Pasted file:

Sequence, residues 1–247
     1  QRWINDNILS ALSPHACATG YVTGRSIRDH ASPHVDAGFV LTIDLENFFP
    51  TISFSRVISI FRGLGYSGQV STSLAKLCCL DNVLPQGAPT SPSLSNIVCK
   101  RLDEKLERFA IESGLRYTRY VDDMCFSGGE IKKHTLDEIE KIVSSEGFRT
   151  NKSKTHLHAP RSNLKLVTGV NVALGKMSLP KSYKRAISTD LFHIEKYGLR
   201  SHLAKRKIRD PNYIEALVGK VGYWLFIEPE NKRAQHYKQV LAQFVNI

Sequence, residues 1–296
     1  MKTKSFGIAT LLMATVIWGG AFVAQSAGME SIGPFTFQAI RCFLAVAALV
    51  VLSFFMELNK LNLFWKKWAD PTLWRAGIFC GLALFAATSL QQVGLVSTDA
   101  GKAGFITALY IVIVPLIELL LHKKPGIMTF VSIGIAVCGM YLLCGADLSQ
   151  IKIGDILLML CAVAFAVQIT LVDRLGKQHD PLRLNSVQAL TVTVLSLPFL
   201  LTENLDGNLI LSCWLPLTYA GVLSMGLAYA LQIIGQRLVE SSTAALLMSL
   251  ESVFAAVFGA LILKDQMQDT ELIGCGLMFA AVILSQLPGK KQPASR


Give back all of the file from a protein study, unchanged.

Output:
Sequence, residues 1–247
     1  QRWINDNILS ALSPHACATG YVTGRSIRDH ASPHVDAGFV LTIDLENFFP
    51  TISFSRVISI FRGLGYSGQV STSLAKLCCL DNVLPQGAPT SPSLSNIVCK
   101  RLDEKLERFA IESGLRYTRY VDDMCFSGGE IKKHTLDEIE KIVSSEGFRT
   151  NKSKTHLHAP RSNLKLVTGV NVALGKMSLP KSYKRAISTD LFHIEKYGLR
   201  SHLAKRKIRD PNYIEALVGK VGYWLFIEPE NKRAQHYKQV LAQFVNI

Sequence, residues 1–296
     1  MKTKSFGIAT LLMATVIWGG AFVAQSAGME SIGPFTFQAI RCFLAVAALV
    51  VLSFFMELNK LNLFWKKWAD PTLWRAGIFC GLALFAATSL QQVGLVSTDA
   101  GKAGFITALY IVIVPLIELL LHKKPGIMTF VSIGIAVCGM YLLCGADLSQ
   151  IKIGDILLML CAVAFAVQIT LVDRLGKQHD PLRLNSVQAL TVTVLSLPFL
   201  LTENLDGNLI LSCWLPLTYA GVLSMGLAYA LQIIGQRLVE SSTAALLMSL
   251  ESVFAAVFGA LILKDQMQDT ELIGCGLMFA AVILSQLPGK KQPASR